Gordon Orr, a director in the Shanghai office of McKinsey, a firm of management consultants, has made 12 predictions for China in 2012:
- Government policies will spur consumption and investment.
- Dominant models will emerge for reforming rural land ownership.
- Real estate will stagnate.
- The fundamentals will cause further inflation in food prices.
- Chinese investment in green tech will spike upward.
- Accounting scandals will continue.
- Private-equity and venture capital funds may go ‘walkabout.’
- Chinese acquirers will be bolder.
- The automobile segment will be slow.
- Hospital reform will accelerate.
This Bystander likes (in the sense of agrees with) 6, 7, 8 and 9 and is intrigued by 10. 2 is a bold call. Necessary as land reform is, it will be difficult to push through in a year of political leadership transition. That will also blunt the impact of any efforts towards 1. 5 is this year’s bit-of-a-cheat, given what is outlined in the new five-year plan. 3 and 4 are the least convincing, not because Orr’s logic is wrong, but because the social disharmony they imply won’t likely be tolerated in what is looking to be a bumpy year. What do you think?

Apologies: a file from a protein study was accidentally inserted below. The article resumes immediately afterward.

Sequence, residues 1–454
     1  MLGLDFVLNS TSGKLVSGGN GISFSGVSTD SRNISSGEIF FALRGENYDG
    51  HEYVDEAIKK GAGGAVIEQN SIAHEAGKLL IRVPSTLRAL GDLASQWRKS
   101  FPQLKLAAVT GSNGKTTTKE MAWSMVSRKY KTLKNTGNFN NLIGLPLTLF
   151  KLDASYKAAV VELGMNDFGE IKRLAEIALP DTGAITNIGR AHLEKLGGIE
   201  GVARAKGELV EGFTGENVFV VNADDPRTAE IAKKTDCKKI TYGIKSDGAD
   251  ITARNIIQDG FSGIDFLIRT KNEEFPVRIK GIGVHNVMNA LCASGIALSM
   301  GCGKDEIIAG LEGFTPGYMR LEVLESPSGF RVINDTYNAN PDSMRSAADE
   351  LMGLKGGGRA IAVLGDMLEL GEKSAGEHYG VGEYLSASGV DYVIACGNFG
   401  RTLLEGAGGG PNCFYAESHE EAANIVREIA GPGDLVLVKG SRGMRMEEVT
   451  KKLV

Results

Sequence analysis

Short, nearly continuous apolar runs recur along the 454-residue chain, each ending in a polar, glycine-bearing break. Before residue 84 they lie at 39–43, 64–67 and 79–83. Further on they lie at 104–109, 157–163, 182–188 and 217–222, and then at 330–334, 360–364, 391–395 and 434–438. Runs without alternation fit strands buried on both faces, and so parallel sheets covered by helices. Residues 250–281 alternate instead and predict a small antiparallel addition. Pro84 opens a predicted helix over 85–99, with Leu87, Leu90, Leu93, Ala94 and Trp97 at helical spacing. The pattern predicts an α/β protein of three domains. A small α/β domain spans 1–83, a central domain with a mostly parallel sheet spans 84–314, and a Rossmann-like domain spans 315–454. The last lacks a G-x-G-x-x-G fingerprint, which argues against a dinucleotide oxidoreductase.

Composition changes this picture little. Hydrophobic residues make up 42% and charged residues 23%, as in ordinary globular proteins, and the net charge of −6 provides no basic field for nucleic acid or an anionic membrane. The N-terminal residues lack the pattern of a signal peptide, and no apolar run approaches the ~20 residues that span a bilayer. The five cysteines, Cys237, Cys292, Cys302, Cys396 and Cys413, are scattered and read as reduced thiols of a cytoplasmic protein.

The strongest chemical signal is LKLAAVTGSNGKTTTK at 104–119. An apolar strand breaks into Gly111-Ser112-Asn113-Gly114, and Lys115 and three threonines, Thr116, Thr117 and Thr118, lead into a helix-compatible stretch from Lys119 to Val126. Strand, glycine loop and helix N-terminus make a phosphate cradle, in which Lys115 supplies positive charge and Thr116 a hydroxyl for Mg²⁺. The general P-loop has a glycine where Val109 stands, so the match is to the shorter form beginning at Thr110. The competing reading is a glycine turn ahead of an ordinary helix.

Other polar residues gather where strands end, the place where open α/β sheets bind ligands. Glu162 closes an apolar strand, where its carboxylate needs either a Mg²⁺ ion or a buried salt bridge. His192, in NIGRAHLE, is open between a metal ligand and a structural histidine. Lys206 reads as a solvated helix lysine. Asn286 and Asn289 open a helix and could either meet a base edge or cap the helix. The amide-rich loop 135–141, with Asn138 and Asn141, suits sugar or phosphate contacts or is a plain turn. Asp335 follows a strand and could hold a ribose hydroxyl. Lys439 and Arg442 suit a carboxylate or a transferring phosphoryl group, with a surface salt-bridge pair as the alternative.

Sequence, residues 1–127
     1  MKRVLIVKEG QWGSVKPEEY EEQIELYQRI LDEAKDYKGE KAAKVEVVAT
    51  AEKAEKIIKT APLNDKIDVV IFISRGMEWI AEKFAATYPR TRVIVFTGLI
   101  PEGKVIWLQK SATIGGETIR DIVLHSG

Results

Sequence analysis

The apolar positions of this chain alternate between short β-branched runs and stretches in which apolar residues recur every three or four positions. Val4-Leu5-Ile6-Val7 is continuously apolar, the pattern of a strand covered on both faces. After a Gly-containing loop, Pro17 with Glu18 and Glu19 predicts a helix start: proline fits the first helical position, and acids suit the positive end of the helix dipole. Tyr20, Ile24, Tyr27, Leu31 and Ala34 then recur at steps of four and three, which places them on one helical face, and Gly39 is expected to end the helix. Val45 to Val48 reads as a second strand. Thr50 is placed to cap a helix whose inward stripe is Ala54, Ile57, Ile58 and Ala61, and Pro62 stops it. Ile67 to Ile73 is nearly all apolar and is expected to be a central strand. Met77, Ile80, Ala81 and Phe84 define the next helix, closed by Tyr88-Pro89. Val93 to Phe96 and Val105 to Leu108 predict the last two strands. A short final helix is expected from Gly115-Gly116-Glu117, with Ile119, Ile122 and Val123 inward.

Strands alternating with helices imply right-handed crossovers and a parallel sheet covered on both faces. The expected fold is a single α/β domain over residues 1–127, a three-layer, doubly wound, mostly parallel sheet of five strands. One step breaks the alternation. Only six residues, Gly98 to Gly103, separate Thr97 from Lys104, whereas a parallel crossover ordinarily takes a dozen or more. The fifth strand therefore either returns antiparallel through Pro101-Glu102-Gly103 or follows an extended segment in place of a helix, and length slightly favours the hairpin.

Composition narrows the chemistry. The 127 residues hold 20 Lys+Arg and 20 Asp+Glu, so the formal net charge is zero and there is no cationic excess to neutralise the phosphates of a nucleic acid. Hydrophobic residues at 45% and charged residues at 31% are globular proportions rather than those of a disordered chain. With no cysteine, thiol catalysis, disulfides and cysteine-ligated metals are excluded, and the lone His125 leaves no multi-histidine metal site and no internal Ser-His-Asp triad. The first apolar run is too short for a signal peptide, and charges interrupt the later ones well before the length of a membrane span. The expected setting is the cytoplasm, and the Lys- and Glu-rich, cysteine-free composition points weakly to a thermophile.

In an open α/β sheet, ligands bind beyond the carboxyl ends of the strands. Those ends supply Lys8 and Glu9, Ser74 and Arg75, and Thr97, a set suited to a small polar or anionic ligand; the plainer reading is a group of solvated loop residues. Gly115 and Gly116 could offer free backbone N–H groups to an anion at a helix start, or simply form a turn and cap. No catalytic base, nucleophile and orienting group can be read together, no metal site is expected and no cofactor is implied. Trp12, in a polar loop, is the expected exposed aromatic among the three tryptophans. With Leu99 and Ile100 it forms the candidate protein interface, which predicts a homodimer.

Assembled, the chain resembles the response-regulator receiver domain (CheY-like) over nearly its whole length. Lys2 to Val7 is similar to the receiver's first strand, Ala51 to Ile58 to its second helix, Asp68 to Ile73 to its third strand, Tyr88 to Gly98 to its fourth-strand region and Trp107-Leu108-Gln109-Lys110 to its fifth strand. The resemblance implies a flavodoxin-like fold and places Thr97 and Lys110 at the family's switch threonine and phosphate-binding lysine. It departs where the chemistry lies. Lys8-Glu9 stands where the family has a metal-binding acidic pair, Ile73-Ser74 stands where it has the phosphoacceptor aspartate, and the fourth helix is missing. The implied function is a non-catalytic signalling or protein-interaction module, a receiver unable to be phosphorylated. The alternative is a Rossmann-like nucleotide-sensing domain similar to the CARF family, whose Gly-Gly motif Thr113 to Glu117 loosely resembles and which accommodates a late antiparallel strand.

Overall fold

By the way, how did Orr do with his six predictions for China in 2011?
- Inflation in food prices will take longer than expected to control.
- Middle-class bankruptcies will expand dramatically.
- Minimum wages will rise, but productivity gains will outstrip labor costs.
- China’s economic growth will be lower than expected.
- China will step up its “invest out” program in the new five-year plan.
- The state will again try to reduce its ownership role in business.
1 and 3 came good. 2 and 4 not so much, though ‘dramatically’ and ‘lower than expected’ give him a lot of wiggle room to claim vindication. 5 was a bit of a cheat in the first place. 6 was wide of the mark, at least in the sense that SEOs increased their dominance in the economy.